Denver Post
Talk of CIA coke ring fuels anger

September 13, 1996

By Vanessa Gallman
Knight-Ridder News Service

WASHINGTON -- A newspaper investigation that a CIA-supported drug ring introduced crack cocaine to Los Angeles is leading to calls for congressional hearings and a growing sense of outrage from African-Americans across the country.

The director of the CIA, John Deutch, ordered the agency's inspector general to look into the allegations, but he also has said he does not believe they are true.

Yesterday, however, more than 1,500 blacks attended a hastily called meeting in Washington to say they do believe the allegations.

Encouraged in recent weeks by black radio talk-show hosts, community activists and elected officials, they met to start planning street protests and legislative action. Also yesterday, the president of the NAACP, Kweisi Mfume, called for a congressional investigation.

The newspaper report says crack cocaine was introduced to Los Angeles street gangs in the 1980s by a CIA operative to raise money to finance the U.S.-backed Nicaraguan contras. The scheme, reminiscent of the illegal sale of guns unveiled during the Iran-contra controversy, has been dubbed "cocaine-contra."

Lengthy excerpts from stories published by the San Jose, Calif., Mercury-News are reprinted in today's Denver Post, starting on page 25A.

In a campaign season in which the "drug war" has become political fodder, the controversy could provide momentum for those opposed to the sentencing disparity for crimes involving crack and powdered cocaine, which has resulted in high rates of black incarceration.

Democratic Rep. Maxine Waters, who represents the Los Angeles area in Congress, praised the Washington crowd "for having the audacity to be outraged...that the government put drugs in our communities." She convened the meeting, held during the annual gathering of the Congressional Black Caucus.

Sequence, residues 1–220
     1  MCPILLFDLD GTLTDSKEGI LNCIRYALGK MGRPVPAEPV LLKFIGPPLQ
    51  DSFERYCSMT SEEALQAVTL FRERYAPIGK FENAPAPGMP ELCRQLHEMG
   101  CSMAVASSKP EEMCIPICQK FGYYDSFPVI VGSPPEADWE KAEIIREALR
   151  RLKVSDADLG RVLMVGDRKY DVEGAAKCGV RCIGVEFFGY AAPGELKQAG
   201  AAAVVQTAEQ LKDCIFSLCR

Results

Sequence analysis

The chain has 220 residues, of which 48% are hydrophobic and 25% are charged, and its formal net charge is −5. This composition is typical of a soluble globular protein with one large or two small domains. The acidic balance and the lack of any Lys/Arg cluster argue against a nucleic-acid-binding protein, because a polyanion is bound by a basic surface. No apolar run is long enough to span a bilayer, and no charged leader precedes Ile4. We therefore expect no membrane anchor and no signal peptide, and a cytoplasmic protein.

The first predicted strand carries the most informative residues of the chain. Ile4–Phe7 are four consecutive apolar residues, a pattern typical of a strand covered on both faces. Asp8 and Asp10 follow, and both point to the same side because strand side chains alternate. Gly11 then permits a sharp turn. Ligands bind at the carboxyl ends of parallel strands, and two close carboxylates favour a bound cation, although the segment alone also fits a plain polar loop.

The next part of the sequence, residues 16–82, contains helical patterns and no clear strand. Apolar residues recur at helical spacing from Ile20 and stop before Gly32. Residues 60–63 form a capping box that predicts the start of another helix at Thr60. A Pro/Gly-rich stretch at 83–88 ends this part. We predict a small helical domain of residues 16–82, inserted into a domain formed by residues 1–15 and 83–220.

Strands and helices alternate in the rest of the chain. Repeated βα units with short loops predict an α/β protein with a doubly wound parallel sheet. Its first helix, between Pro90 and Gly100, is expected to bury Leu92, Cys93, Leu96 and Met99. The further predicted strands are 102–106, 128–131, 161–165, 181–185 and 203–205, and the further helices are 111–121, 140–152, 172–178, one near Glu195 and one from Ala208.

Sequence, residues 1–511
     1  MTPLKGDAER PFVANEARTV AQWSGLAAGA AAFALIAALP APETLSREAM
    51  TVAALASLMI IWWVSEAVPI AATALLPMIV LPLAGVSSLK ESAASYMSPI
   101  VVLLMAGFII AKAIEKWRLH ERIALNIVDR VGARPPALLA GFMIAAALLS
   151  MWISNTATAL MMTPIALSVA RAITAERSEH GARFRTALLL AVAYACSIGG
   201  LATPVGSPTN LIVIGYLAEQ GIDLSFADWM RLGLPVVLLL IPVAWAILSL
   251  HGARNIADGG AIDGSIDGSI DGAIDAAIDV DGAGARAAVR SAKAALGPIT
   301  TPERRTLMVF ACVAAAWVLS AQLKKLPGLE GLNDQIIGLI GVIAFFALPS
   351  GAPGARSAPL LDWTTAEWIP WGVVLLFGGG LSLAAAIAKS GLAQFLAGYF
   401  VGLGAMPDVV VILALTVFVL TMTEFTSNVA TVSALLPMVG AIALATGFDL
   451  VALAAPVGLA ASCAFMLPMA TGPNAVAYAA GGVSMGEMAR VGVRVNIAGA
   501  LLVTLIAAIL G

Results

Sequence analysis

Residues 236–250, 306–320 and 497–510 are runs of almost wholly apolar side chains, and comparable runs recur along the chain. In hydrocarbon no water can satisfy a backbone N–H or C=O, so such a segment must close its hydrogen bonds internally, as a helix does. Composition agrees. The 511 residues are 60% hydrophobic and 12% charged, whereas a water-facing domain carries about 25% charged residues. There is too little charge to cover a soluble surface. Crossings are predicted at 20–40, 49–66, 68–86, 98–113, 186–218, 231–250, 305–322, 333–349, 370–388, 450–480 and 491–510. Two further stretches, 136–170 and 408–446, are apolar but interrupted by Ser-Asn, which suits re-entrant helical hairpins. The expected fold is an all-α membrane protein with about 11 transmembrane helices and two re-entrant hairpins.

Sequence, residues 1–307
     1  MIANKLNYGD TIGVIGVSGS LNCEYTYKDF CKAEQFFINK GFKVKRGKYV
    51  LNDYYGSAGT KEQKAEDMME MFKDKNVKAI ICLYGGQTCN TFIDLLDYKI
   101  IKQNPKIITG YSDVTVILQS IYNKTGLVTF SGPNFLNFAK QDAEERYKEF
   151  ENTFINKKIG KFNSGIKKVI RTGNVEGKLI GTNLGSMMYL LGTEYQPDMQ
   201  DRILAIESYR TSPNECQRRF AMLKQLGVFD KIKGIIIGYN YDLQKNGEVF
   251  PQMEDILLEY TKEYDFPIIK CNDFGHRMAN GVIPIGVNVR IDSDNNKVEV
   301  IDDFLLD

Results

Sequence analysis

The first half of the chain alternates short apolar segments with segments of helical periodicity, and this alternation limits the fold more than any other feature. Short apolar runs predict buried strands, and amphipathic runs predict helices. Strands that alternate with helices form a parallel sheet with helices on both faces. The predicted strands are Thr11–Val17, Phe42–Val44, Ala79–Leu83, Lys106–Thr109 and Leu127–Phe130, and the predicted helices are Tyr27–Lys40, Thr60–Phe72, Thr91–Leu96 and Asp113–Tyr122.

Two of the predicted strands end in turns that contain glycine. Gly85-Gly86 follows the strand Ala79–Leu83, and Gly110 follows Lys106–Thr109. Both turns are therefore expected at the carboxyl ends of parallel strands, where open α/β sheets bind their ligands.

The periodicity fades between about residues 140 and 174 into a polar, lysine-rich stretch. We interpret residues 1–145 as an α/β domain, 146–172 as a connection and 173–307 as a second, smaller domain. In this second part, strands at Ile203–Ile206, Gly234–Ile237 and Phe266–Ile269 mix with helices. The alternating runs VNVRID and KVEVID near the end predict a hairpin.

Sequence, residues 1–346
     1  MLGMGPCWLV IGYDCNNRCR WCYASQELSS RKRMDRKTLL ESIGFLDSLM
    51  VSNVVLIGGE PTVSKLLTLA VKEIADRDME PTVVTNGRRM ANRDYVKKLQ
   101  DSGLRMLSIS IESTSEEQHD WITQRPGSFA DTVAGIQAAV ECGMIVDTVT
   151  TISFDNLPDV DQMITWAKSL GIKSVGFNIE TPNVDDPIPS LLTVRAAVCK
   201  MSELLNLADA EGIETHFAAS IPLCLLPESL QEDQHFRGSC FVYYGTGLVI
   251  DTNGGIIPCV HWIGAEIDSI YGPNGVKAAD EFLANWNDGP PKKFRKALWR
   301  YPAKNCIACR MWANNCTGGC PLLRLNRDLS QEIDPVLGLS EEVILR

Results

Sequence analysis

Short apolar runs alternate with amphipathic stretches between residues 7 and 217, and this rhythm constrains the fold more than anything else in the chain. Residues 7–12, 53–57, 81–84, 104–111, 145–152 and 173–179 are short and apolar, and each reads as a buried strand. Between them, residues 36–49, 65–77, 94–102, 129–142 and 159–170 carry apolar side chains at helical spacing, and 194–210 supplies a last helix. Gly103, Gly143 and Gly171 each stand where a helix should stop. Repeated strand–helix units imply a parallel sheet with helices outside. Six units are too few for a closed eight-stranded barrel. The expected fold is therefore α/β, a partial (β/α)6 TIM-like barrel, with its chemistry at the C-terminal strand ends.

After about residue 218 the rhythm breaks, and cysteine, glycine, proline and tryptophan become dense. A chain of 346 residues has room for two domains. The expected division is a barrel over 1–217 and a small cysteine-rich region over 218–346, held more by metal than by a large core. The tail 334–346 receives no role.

The report says that Danilo Blandon, a former Nicaraguan government official, was the conduit for thousands of kilos of cocaine that flowed to the Los Angeles street gangs between 1982 and 1986.

Blandon, who pleaded guilty to cocaine trafficing charges in 1992 and went to work for the U.S. Drug Enforcement Administration, recently testified in federal court that he sold the cocaine in the city's black neighborhoods as a way to raise money for the guerrilla army seeking to overthrow a revolutionary socialist government.

His biggest customer was a drug kingpin, Rick "Freeway" Ross, who used the drugs to make crack, a cheaper, smokable form of cocaine. Ross is now in jail, set up by Blandon in a 1994 bust.

The newspaper's reporting reinforces conspiracy theories deeply held by some blacks, going back to rumors that the government used heroin to weaken the Black Panther Party, a black nationalist group popular in the 1960s.

Such theories have gained momentum in recent years as prisons have increasingly filled with black street dealers and addicts.

Whether the CIA had a role in the drug's distribution will be explored by the CIA inspector general. Members of Congress from California have called for congressional hearings. So far, none are scheduled.

Deutch, in a letter responding to a call for investigation, said a 1988 CIA study presented to intelligence committees already concluded that the CIA "neither participated in or condoned drug trafficking by contra forces."

But Eric Sterling, a Judiciary Committee staffer who oversaw drug policy during that period, said congressional staff members never had the time or resources to fully investigate leads on drug trafficking. "That was a clear lack of interest on the part of the congressional leaders," said Sterling, who runs a drug-policy think tank.

Too many people think the Mercury-News stories are "old news" because of the Iran-contra hearings, said John Newman, a University of Maryland professor active in pushing for public access to government records.

But the controversy may finally open up the details of what he said was the greater tragedy of "cocaine-contra."

"In our goal to win the Cold War, we lost sight of a more worthy goal -- peace at home," he told the Washington crowd.

"Our zeal made us as ruthless as the enemy we fought."